BlackStar Film Festival Celebrates BIPOC Filmmakers
From three drive-in screenings (Be Water, The Forty-Year-Old Version and Miss Juneteenth) at Philadelphia’s Mann Center to the online presentation of more than 90 films and live panels, the BlackStar Film Festival returns for its ninth installment from 20 to 26 August. Founded by Maori Karmael Holmes as a platform for independent work by Black filmmakers, the festival does more than screen groundbreaking work from BIPOC creators; it fosters an inclusive network of talent capable of creating necessary change in the industry. This year’s highlights are plentiful and feature 24 world premieres (including the debut screening of the highly anticipated documentary Unapologetic). The Still Processing conversation between podcasting journalists Wesley Morris and Jenna Wortham is certainly a standout, as well. It’s also another opportunity to see Sundance favorite Coded Bias. Day passes for the festival start at $5 and live panels are free. See the full schedule and find out more about the festival’s mission at the official BlackStar site.
Image courtesy of Unapologetic
The Sifter Catalogues 5,000 Historic Cookbooks
For more than 50 years, Barbara Ketcham Wheaton—now an honorary curator of Harvard University’s Schlesinger Library Culinary Collection—chronicled European and US cookbooks published over the last 1,000 years. With the help of a team of scholars (including two of her children), Wheaton launched this database—called The Sifter—in July of this year. This publicly available database isn’t a recipe collection; rather, it’s “a repository of entire texts,” according to Atlas Obscura, currently 130,000-items strong and incorporating “the ingredients, techniques, authors, and section titles.” Further, Wheaton and her team assembled the database like Wikipedia, allowing those who peruse to make it better. Read more about the epic endeavor and its ties to Julia Child at Atlas Obscura.
Image from the public domain
Cosmic Cloud Has “Heartbeat”
A decade’s worth of data from NASA’s gamma-ray space telescope has revealed a “heartbeat” at the center of a cosmic gas cloud which seems to be beating in sync with a neighboring black hole located 100 light years away. The revelation comes from the space agency’s study of a system called S 433, which is home to “a giant star that is about 30 times the mass of our sun as well as a huge black hole.” Every 13 days, the star and black hole orbit each other, resulting in the black hole sucking up matter from the star. This doesn’t result in the material disappearing, but rather it “shoots out at high speed in two narrow jets in opposite directions,” researcher Jian Li says. These two jets are on their own schedule too, and “sway over a period of about 162 days”—which proves to be the same rhythm as the cloud’s “heartbeat.” While there’s a connection, researchers cannot figure out exactly why. Li explains, “Finding such an unambiguous connection via timing, about 100 light years away… not even along the direction of the jets is as unexpected as amazing. But how the black hole can power the gas cloud’s heartbeat is unclear to us.” Read the full article at The Independent.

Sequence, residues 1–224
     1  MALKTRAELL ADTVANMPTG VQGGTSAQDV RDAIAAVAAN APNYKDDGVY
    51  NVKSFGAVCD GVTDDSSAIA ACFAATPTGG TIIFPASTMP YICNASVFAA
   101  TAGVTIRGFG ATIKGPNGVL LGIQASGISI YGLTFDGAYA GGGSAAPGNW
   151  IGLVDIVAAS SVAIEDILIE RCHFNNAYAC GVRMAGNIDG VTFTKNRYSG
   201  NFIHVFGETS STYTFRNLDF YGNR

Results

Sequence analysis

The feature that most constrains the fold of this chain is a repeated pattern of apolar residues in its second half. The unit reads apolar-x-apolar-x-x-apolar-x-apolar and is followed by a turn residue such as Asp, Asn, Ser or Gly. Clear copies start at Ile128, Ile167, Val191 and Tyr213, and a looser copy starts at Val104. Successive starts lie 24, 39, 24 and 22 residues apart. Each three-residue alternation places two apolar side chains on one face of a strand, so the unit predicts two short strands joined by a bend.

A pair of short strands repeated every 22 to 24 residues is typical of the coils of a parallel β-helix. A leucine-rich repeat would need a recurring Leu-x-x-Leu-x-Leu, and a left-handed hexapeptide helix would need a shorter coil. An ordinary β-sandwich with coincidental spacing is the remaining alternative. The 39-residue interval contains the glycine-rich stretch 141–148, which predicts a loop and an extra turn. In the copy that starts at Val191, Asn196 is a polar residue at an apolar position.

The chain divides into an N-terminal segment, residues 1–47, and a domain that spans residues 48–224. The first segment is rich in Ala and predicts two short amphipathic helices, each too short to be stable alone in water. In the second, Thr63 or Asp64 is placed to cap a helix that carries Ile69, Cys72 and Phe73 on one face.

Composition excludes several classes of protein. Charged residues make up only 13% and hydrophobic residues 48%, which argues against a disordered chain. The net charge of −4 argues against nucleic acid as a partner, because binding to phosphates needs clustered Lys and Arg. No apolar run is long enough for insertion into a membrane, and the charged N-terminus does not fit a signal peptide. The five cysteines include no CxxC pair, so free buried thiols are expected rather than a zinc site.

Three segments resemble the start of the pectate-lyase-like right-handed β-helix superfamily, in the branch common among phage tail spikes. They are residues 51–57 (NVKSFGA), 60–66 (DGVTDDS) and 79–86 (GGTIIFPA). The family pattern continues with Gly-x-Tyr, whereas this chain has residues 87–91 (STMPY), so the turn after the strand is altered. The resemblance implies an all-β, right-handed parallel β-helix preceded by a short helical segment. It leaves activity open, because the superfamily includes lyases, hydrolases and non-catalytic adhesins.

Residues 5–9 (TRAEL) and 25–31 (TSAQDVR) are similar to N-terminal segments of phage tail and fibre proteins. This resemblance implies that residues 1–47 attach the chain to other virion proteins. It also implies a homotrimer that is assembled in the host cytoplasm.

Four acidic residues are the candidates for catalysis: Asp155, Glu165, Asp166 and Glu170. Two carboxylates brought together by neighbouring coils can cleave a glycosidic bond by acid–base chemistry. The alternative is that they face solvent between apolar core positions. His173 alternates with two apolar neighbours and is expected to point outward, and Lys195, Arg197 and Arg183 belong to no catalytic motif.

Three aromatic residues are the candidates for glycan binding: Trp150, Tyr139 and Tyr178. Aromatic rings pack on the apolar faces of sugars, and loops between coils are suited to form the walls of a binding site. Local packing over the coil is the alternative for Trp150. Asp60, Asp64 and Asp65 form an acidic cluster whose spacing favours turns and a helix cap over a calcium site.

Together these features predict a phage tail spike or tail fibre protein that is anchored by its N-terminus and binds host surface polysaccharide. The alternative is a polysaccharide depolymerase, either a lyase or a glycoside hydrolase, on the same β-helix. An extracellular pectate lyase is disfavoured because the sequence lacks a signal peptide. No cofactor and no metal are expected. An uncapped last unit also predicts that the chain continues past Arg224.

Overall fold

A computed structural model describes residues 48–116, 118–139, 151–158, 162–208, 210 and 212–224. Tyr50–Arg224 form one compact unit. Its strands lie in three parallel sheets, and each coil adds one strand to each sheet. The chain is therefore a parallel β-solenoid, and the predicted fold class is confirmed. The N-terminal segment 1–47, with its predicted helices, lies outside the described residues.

Image courtesy of DESY, Science Communication Lab
NYPL’s List of Essential Reads on Feminism
On the 100-year anniversary of the 19th Amendment (securing some women’s right to vote in the USA, though it’s crucial to note that Black women would have to wait almost 50 years), the New York Public Library (NYPL) has released their list of Essential Reads on Feminism. With books and essays for kids, teens and adults, the lengthy selection includes “first-hand accounts and histories” that trace the achievements and serious limitations of suffrage, as well as more contemporary pieces that explore feminism’s intrinsic links with “race, class, education, and LGBTQ+ activism.” From well-known books like Susan Faludi’s Backlash to works by Hida Viloria, bell hooks, and L.H. Stallings, the list includes biographies, poetry, historical non-fiction and more. There are also plenty of resources for further reading on the NYPL site.
Image courtesy of NYPL
MoMA Design Store’s “Design Innovations for Women” Collection
MoMA Design Store’s newest curated collection comprises products designed for women, by women. The Design Innovations for Women section spans several categories—from reproductive and sexual health to sport, apparel and accessories. “This is an opportunity to recognize just how far these products have come in terms of quality and to celebrate the fearless female entrepreneurs, designers and innovators who have changed the game,” Chay Costello, the store’s Associate Director of Merchandising, says of the launch. Shop personal massagers, lubricants, smart accessories, bike seats and more at their site.
Image courtesy of MoMA
Kandi Electric Car Priced Under $10K for US Launch
An important milestone for the Chinese electric car manufacturer (and EVs in general), Kandi’s K27 and K23 have had their prices reduced even further for their US launch. This deal applies to the first 1,000 pre-orders for each model. Thanks to incentives in the form of a $7,500 federal tax credit, the cost of each car has been drastically reduced: “originally priced at $19,999 MSRP, the K27 is now listed as $17,499,” so after the tax credit it will be $9,999; while “the K23 is discounted from $29,999 MSRP to $27,499,” bringing that cost down to $19,999. With various states offering their own incentives, the price of these cars could drop even further. Find out more about each car at Electrek.
Image courtesy of Kandi
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